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George Michael accuses NOTW of trying to “destroy” him

By | Published on Tuesday 12 July 2011

George Michael

George Michael has taken to Twitter once more to reel off yet more accusations about newspapers owned by Rupert Murdoch’s News International, as the phone-hacking scandal engulfing the newspaper company continues to grow.

As well as accusing News Of The World photographers of attempting to hack into his computer, Michael also identifies occasions when he believes members of the press were tipped off about his various indiscretions by corrupt police officers. Members of the Metropolitan Police illegally handing over information to NOTW and Sun journalists, probably for money, is also part of the scandal, of course. The singer is particularly convinced the tabloids were tipped off by police officers when he was arrested for engaging in a lewd act in 1998 and for driving under the influence of drugs in 2007.

As previously reported, as the long-running phone-hacking scandal first start to escalate last week, Michael celebrated the demise of the NOTW, while claiming via Twitter: “[Former NOTW/Sun Editor and current NI CEO] Rebekah Brooks sat two feet from me in my own home and told me that it was never the public that came to them with information on celebrities, and that the police always got there first. Don’t ask me how she got there. Believe me, I didn’t invite her!”

Yesterday, back on the micro-blogging platform, he provided more background on his run-ins with the now defunct Sunday tabloid, accusing the paper of hacking into his computer. He tweeted: “The two photographers who sat outside my house in their cars night after night for several years were regularly seen with computers open on their laps. I presumed for years that I was under surveillance. In fact, one night in particular, I strolled over the road to one of them and tapped on his window and said: ‘I hope you like my taste in men'”.

As he tweeted more and more accusations and revelations, he noted: “Just spoke to my lawyer… apparently [the police] want to interview me about my comments on Rebekah Brooks here on Twitter. Like I said, glad to help. I have way more to tell the police than I can tweet to you here… Believe it or not, I’ve been careful so far!”

Expanding on the subject of police being paid for information, he went on: “Don’t get me wrong, I met (a lot!) of perfectly decent policemen and women in my darkest, most shameful hours, but I [also] knew that the press would get to my house before I did [after any arrest]. On every occasion, some little creep in that police station would have called the press, cap in hand, and made a nice little wad of cash. I just became resigned to it. Perks of the job in the Met”.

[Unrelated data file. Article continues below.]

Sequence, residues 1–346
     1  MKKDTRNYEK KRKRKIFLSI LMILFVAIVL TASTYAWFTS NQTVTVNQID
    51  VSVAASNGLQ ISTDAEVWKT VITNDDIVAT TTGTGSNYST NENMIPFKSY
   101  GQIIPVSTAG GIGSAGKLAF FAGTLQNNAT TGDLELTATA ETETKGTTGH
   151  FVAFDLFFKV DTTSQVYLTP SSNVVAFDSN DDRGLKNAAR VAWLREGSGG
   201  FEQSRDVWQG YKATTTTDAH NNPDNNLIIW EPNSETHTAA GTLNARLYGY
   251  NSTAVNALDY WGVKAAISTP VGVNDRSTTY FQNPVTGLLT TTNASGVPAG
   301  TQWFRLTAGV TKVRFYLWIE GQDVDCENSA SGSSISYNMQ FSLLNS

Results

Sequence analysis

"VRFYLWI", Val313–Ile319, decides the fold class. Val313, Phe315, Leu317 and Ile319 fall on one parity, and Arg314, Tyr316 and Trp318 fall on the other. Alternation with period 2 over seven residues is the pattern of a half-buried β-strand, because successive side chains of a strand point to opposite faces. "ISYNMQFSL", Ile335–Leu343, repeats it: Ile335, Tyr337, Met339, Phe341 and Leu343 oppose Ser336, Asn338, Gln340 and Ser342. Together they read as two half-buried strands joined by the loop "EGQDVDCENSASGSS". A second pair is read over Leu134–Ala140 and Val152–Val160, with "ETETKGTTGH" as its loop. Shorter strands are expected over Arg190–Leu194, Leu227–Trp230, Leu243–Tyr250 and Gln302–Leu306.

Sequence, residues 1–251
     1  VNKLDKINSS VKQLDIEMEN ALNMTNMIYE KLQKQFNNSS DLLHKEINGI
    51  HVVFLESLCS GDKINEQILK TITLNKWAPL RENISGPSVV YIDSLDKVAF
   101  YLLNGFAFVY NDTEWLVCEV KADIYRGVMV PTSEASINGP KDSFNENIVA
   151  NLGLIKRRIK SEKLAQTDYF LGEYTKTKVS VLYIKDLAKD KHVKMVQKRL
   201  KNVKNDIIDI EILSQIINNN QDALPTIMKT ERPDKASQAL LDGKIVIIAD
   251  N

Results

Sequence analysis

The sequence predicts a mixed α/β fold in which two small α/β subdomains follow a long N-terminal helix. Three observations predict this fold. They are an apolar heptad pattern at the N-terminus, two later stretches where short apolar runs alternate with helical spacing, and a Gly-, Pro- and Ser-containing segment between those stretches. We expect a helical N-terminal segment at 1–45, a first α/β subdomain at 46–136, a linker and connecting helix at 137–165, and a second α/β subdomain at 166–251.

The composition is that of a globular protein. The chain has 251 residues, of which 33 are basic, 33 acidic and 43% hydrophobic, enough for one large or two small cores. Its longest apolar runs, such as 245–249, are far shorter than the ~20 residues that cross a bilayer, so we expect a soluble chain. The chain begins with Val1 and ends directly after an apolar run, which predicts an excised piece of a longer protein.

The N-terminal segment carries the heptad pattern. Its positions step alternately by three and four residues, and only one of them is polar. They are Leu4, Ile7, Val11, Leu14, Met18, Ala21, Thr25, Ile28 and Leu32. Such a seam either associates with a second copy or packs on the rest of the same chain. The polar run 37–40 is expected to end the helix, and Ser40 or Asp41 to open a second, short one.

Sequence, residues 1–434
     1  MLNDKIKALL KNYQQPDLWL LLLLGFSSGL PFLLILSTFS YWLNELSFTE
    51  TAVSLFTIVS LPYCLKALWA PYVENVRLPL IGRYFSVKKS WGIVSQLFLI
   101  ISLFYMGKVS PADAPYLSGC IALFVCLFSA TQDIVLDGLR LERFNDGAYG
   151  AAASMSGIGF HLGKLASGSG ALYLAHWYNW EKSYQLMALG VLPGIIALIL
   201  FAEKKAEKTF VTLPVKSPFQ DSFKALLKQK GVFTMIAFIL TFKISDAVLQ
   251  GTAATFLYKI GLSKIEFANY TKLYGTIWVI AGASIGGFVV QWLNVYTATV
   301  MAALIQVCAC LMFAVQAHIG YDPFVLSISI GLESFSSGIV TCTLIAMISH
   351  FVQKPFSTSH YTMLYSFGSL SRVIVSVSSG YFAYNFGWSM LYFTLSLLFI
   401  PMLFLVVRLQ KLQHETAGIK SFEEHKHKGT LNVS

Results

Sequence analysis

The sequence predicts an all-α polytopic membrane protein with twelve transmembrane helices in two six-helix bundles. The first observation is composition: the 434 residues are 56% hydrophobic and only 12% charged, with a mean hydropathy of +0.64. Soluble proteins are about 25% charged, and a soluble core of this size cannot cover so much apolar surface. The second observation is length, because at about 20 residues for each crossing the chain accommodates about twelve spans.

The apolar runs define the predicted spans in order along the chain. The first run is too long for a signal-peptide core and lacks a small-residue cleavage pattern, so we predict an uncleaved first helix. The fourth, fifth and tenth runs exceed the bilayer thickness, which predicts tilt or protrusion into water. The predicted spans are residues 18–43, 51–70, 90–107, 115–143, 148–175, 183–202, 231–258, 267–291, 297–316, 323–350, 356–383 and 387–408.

He continued: “But it was the first court trial that [really] blew my mind. Right now I am trying to get together transcripts and other information. Not because it will make any difference to me. It won’t. In fact, I can safely say that I am one of the few people amongst the thousands of News International’s targets to have genuinely benefited from Murdoch’s attempts to destroy me. No, if I decide to say anything about how my first conviction came about – besides the fact that I was an idiot – it will be because I love my country, and I believe its judicial system MUST be trustworthy”.

He concluded: “I am NOT trying to exonerate myself of anything, I did something bad and got my ‘Karmuppance’, as I like to think of it. It’s just that the sequence of events between my being arrested and finally convicted for sleeping pills and exhaustion seemed extremely, well, let’s just call it… illegal. I was going to say odd, but sod it, they seemed at the very least, outside of normal legal procedure. These are only my suspicions, but I think that if they hold water, then it’s very important that they come to light for everyone’s sake”.

The wider News International scandal continues, of course, despite the closure of the News Of The World this weekend. Allegations of illegal practices have now been made against other NI newspaper titles, putting more pressure on the executives who oversee the company, in particular Brooks, and the Murdochs James and Rupert.

In a bid to halt the negative impact of the scandal on his bid to buy BSkyB outright, Murdoch Snr yesterday requested his big telly deal be reviewed by the Competition Commission. Murdoch’s News Corp had previously tried, successfully, to persuade the UK government that a Competition Commission review was not necessary, mainly by promising to spin Sky News off as a separate company. But with the entire political community now amassing in opposition to the Murdoch empire, he presumably reckons there’s a better chance of getting the BSkyB deal approved by competition regulators than via any alternative approach that relies on political favours.

The Competition Commission may rule that complete ownership of Sky in addition to News International’s The Sun, Times and Sunday Times would give News Corp too much dominance in the wider British media industry. With Sky vastly more profitable than NI, and with The Sun looking likely to become as tarnished as its closed down sister title, some wonder whether Murdoch will look to offload his British newspaper company altogether, so that market dominance concerns re Sky will no longer exist. Such a move, although inconceivable just over a week ago, would be likely to win the approval of News Corp shareholders back in the US, who have been long been more enthusiastic about TV than print media, which they see as a dying industry.